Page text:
Pennsylvania has a long legacy of natural gas drilling. One unfortunate aspect of the legacy is a host of abandoned shallow gas wells throughout the state, some of which likely leak gases or liquids harmful to animals, plants, or people. This raises the question of the fate of the more than 10,000 unconventional natural gas wells that have been drilled in the state over the last decade, with more drilled each day.
Pennsylvania, like many other states, uses a bonding system to motivate companies to properly reclaim wells. Before the state grants a permit for a well, it requires that the company operating the well commits funds that, if the well is eventually abandoned, would be forfeited and used by the state for reclamation. Bond amounts vary in a tiered structure based on the quantity of wells operated by a company (see table). As an example, a company with 55 wells must pay a flat fee of $290,000 to cover the first 50 wells and an additional $10,000 for each of the last 5 wells, leading to a total of $340,000 in bonds. Companies operating many wells benefit from caps on total bond amounts: a company operating up to 150 wells would never pay any more than $430,000; a company operating more than 150 wells would never pay more than $600,000.
The National Oceanic and Atmospheric Administration recently announced that 2016 was the hottest year in recorded temperature history, which dates back to 1880. Decades of rising greenhouse gas concentrations and temperatures have led many to call for policies to reduce carbon emissions, including a tax on carbon. A recent proposal for a carbon-related tax came from former President Obama who, in February of 2016, proposed a $10 per barrel tax on oil.
Does the U.S. already have a tax of this sort? Yes, in a crude way. Most U.S. state governments tax oil and gas production occurring within their boundaries, which is in addition to general state taxes such as corporate income taxes or sales taxes. Over the years 2004-2013, state governments taxed the typical dollar of oil and gas drawn from the ground at a rate of 4.2 percent. The rate translates into $2.6 per barrel or about $5.5 per ton of carbon. To put the last number in perspective, the price of carbon in the European Union’s Emissions Trading System has ranged from $4 to $6 per ton over most of 2016 and January of 2017.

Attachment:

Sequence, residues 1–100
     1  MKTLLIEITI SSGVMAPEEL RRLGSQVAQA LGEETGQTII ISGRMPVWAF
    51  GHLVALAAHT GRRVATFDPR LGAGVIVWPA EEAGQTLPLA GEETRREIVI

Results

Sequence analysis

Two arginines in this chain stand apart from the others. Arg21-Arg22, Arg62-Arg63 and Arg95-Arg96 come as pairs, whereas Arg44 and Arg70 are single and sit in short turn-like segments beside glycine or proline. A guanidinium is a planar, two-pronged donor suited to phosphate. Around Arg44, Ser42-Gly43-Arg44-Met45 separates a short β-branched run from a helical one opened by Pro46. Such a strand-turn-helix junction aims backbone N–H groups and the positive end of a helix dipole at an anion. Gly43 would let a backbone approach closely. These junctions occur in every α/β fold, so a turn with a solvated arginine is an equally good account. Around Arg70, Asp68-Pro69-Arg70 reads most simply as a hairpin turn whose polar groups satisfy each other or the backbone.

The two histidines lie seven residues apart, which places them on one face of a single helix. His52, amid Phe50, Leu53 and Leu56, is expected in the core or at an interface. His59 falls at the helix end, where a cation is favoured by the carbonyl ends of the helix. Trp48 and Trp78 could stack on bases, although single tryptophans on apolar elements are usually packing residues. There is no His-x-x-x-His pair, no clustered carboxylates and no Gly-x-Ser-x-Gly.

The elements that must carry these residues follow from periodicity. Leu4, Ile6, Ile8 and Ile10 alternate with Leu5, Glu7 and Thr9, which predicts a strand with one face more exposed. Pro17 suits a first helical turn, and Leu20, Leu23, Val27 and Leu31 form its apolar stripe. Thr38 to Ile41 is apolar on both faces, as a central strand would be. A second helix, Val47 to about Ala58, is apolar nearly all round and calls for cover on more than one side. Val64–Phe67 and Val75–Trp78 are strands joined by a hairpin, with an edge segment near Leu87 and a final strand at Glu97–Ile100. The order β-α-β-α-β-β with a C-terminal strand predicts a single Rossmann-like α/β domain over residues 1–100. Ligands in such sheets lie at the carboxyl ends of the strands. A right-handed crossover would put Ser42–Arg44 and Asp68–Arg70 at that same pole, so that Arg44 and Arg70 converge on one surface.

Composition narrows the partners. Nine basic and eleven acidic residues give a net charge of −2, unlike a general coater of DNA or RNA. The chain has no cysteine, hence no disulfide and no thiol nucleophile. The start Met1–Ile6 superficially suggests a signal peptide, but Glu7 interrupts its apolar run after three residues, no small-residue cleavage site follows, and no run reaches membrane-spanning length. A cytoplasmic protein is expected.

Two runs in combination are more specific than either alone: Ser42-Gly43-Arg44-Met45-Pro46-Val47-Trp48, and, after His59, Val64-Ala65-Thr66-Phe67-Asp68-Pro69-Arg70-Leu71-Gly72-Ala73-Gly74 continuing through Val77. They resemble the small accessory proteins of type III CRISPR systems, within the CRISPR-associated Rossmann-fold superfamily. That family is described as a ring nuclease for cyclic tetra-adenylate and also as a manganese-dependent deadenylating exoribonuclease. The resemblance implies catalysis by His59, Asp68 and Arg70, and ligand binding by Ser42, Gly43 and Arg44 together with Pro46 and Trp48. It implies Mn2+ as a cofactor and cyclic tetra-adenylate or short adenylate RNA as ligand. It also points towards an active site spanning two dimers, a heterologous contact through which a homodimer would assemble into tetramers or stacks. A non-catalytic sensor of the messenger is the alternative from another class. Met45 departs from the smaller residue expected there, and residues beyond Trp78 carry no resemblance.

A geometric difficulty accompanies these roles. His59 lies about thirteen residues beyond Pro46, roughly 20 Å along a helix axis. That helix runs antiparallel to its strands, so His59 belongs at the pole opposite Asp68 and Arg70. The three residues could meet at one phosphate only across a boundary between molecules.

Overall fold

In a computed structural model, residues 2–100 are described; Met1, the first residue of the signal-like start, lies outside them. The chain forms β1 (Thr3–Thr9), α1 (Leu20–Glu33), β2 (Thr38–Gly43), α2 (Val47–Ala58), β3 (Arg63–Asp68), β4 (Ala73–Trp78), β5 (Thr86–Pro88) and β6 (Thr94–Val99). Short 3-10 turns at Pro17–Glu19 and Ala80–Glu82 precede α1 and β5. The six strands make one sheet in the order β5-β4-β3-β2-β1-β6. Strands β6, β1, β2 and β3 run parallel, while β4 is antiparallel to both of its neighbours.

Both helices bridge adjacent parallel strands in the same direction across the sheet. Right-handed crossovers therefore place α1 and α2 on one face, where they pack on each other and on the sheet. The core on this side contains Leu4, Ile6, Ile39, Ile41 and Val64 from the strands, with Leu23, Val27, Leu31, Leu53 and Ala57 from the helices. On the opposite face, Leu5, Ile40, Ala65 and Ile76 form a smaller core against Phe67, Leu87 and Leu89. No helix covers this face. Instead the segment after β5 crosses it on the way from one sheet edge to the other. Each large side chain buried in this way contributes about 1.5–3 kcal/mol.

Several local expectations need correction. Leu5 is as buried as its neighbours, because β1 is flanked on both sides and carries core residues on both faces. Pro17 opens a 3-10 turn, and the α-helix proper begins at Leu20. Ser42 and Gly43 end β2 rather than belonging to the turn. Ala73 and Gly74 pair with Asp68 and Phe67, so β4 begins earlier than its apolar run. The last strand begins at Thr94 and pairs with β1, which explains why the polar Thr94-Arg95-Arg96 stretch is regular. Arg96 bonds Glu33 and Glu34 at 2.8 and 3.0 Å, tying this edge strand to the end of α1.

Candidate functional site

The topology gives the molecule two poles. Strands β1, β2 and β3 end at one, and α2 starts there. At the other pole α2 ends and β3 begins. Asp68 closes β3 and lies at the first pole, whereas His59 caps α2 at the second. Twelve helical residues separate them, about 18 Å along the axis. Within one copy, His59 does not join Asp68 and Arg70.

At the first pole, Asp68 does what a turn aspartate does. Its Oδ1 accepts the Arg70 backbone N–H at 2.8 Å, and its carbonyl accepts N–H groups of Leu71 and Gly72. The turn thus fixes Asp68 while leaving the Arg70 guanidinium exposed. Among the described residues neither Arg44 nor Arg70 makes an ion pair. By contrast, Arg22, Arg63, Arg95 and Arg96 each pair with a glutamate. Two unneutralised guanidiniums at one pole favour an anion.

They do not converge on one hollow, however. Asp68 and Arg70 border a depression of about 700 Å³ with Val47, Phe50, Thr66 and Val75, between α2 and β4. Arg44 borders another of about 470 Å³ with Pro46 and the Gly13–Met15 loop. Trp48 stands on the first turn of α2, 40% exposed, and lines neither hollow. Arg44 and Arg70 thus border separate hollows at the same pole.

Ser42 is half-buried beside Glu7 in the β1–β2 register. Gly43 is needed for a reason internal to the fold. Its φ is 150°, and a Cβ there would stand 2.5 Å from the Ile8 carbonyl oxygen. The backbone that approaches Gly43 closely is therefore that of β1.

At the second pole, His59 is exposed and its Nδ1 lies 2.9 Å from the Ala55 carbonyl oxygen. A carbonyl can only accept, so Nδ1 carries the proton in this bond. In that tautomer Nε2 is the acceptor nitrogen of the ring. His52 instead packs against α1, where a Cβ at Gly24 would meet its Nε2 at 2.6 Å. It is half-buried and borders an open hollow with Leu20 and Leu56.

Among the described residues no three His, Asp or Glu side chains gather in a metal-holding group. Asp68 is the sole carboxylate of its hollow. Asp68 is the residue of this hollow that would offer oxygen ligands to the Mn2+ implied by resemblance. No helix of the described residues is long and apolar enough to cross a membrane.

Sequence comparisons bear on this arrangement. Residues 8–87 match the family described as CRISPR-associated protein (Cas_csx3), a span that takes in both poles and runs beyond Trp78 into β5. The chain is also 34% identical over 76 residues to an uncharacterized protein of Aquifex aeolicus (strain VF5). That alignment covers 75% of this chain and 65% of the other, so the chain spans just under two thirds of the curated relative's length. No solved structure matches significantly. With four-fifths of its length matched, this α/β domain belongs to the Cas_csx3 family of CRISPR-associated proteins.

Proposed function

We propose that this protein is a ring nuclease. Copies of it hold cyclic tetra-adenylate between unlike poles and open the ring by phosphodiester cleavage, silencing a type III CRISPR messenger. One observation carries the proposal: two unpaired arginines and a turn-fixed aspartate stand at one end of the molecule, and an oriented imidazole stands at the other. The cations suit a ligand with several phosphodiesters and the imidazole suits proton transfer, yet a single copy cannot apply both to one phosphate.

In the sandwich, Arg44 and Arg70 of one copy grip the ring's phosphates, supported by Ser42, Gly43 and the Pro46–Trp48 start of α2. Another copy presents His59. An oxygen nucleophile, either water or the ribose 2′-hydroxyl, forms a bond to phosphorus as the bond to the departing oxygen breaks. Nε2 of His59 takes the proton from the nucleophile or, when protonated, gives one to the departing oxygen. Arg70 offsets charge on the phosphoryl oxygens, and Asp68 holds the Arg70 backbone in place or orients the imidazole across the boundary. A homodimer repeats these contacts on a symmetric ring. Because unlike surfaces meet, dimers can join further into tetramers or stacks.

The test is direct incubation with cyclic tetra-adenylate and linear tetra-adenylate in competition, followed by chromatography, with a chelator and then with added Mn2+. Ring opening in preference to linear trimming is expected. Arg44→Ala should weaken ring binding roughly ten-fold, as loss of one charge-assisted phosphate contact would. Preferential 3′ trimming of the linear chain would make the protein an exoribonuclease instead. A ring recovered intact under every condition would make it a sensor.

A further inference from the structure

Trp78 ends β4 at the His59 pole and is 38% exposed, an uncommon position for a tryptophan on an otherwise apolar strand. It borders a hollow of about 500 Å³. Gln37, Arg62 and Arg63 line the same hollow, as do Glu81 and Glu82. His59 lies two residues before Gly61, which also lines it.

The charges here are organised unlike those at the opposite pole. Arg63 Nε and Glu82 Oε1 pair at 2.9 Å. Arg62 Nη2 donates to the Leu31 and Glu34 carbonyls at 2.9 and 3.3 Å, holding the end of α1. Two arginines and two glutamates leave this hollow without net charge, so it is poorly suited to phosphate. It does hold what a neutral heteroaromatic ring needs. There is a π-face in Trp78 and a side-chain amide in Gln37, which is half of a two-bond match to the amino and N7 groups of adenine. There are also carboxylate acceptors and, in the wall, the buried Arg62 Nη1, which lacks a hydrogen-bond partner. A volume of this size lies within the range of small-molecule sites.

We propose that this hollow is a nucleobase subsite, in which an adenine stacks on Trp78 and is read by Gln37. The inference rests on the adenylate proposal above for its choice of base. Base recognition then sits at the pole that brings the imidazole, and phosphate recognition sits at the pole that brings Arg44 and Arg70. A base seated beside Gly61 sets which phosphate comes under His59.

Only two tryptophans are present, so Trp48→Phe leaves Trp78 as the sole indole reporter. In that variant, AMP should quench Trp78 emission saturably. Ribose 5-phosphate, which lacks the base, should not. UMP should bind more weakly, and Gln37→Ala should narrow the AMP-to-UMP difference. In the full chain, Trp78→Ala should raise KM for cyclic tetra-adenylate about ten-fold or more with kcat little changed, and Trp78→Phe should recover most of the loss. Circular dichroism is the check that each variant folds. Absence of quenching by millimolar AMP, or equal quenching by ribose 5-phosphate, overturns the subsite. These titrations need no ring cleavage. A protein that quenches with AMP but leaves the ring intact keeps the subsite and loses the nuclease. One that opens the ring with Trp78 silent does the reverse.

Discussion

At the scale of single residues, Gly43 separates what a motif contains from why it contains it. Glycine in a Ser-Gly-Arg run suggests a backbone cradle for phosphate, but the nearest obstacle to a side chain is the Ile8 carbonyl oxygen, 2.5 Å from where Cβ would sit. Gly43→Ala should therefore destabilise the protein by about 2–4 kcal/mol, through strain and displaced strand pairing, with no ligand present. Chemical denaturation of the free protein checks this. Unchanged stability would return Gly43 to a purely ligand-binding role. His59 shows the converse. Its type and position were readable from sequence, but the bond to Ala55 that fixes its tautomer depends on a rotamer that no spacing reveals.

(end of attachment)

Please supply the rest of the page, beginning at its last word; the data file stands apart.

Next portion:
It is hard to grasp how fast you are moving when reading a book sitting in a jet cruising at 30,000 feet. Doing so requires attention, the fixing of points, and measurement. A look at energy data and news shows that U.S. energy production and policy are changing rapidly, with growing relevance.
Consider the changes in U.S. energy production in the last decade. From January of 2006 to January of 2016, natural gas production increased by 43 percent and oil production increased by 82 percent (see Figure 1). By contrast, coal production fell by one third. Because the U.S. was a leading global producer of all three commodities in 2006, the percentage changes represent massive economic gains (or losses). Pennsylvania’s economy in particular is intertwined with the trends in natural gas and coal. The state has long been a major coal producer and has therefore felt the effects of declining production. At the same time, the state that has contributed more to the growth in national natural gas production than any other state.
The GSPIA Energy and Environment blog provides commentary and analysis that furthers understanding of E&E issues of public interest.
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